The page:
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Screening of “Lost Birds” at Fresno State April 7

FRESNO — The CineCulture Series and the Armenian Studies Program at California State University, Fresno, are sponsoring a special screening of the film Lost Birds at 5:30PM on Friday, April 7, in the Leon and Pete Peters Educational Auditorium (west end of the SaveMart Center, near Shaw and Woodrow Aves.), on the Fresno State campus.

Directors Ela Alyamac and Arda Perdeci will be flying to Fresno from Turkey to be the discussants at the screening of their movie.

Set against the backdrop of the First World War in a small Armenian village in Ottoman Anatolia, Lost Birds is a historical fairy tale told through the eyes of a young brother and sister left behind in the 1915 Armenian genocide.

Lost Birds is the first film made in Turkey to depict the Armenian Genocide of 1915. It was brought to the screen by the five years of work, persistence, and courage of filmmakers Aren Perdeci and Ela Alyamac, who share writing and directing credits. Lost Birds handles the task of telling a very dramatic story in a fairy tale narrative and this leads the audience to feel something magical yet so real at the same time.

Bedo and Maryam’s happy home life is torn apart when their grandfather is apprehended and taken away by soldiers. Now, forbidden to go outside by their mother, one morning, the two children sneak away to play in their secret cave. But, when they return, they find their home and the entire village empty. Together, with the wounded bird they have been nursing back to health, the children embark on a perilous journey to find their mother.

Admission is free and the event is open to the public. Free parking is available at any of the adjacent Fresno State parking lots (near the corner of Shaw and Woodrow Avenues).

For more information about the presentation please contact the Armenian Studies Program at 278-2669, or visit our website at www.fresnostate.edu/armenianstudies.

Article source: https://massispost.com/2017/03/screening-lost-birds-fresno-state-april-7/

Presentation by Dr. Keith David Watenpaugh: “The Drowned, the Saved and the Forgotten: Genocide and the Foundations of Modern Humanitarianism”

FRESNO — Dr. Keith David Watenpaugh (University of California, Davis), will give a presentation on “ The Drowned, the Saved and the Forgotten: Genocide and the Foundations of Modern Humanitarianism ” at 7:30PM on Tuesday, April 4, in the University Business Center, Alice Peters Auditorium, Room 191, on the Fresno State campus.

The lecture is part of the Armenian Studies Program Spring 2017 Lecture Series and is supported by the Leon S. Peters Foundation. The lecture is co-sponsored by the Department of History, the Islamic Studies Speaker Series, and the College of Social Sciences.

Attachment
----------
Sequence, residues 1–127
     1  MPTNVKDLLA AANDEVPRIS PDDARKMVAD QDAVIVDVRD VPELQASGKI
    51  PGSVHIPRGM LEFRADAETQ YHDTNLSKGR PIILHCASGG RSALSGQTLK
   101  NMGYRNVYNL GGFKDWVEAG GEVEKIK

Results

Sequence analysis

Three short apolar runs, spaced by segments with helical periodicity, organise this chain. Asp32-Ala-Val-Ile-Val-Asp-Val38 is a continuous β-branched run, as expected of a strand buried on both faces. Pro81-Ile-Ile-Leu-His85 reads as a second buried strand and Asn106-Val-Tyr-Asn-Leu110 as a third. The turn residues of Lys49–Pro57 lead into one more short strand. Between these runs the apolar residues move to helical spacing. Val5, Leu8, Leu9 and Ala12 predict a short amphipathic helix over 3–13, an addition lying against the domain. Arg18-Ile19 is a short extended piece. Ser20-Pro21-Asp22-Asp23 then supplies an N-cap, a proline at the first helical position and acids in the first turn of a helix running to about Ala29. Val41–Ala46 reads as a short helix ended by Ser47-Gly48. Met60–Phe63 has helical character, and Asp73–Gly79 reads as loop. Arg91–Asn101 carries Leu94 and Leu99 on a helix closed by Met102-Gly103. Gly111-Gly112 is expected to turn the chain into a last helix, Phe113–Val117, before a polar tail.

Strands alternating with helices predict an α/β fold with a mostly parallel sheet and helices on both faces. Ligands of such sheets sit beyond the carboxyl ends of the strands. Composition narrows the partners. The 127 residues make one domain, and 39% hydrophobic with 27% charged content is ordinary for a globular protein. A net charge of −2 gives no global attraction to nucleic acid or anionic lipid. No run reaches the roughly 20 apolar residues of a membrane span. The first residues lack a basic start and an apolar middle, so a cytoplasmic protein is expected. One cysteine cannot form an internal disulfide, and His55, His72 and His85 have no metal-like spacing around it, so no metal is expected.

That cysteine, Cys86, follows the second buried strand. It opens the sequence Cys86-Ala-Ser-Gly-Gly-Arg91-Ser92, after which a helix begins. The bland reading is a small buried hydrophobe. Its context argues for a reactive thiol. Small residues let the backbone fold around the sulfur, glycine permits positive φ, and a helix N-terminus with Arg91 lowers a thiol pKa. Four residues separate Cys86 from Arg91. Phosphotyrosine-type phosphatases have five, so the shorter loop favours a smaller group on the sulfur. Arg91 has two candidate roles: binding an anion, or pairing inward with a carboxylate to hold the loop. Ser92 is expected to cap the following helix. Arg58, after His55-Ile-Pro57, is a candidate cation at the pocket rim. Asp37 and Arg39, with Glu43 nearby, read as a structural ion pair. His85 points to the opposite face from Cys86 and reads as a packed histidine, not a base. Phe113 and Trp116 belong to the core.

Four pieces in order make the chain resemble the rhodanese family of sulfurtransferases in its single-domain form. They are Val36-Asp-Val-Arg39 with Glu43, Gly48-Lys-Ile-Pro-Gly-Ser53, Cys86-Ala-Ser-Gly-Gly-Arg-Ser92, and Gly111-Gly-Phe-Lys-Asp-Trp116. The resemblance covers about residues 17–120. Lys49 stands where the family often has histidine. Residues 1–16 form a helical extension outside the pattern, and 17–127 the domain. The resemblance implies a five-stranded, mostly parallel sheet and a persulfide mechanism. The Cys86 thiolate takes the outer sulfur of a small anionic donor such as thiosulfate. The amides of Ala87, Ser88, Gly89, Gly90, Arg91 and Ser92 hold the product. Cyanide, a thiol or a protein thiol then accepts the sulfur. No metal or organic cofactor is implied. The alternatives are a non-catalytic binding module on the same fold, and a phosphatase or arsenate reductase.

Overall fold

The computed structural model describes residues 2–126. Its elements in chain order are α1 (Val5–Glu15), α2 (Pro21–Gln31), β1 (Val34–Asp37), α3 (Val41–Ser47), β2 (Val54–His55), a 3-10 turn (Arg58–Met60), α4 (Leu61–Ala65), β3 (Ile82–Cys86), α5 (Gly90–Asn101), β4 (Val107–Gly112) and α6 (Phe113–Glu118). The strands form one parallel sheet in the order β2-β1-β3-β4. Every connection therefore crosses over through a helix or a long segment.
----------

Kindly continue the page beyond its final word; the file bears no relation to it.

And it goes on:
Genocide is unparalleled in its horror. It is the ultimate crime against humanity, but it is also a problem of humanity that evokes a problem for humanity. In this talk, drawn from his award-winning book, Bread from Stones: The Middle East and the Making of Modern Humanitarianism (2015) Keith David Watenpaugh examines the particular questions that arise when the problem of humanity motivating a problem for humanity is the crime of genocide. Examining international humanitarian responses to the genocide of the Ottoman Armenians (1915-1922), he argues that modern humanitarianism and genocide have a complex and intertwined history that has shaped the critical modern concepts of humanitarian neutrality, humanitarian governance and the role of justice in relief, and Human Rights-based development.

Professor Keith David Watenpaugh studies the history, theory, and practice of human rights and humanitarianism and directs the Human Rights Studies Program at University of California, Davis. Author of the award-winning Bread from Stones: The Middle East and the Making of Modern Humanitarianism and Being Modern in the Middle East, he has published frequently in scholarly journals. Dr. Watenpaugh is the recipient of fellowships from the Andrew W. Mellon Foundation, the American Council of Learned Societies and the Social Science Research Council, and he is immediate past-president of the Syrian Studies Foundation. He also directs a global project supported by the Carnegie Corporation and the Open Society Foundations to address the higher education needs of Syrian refugee university students.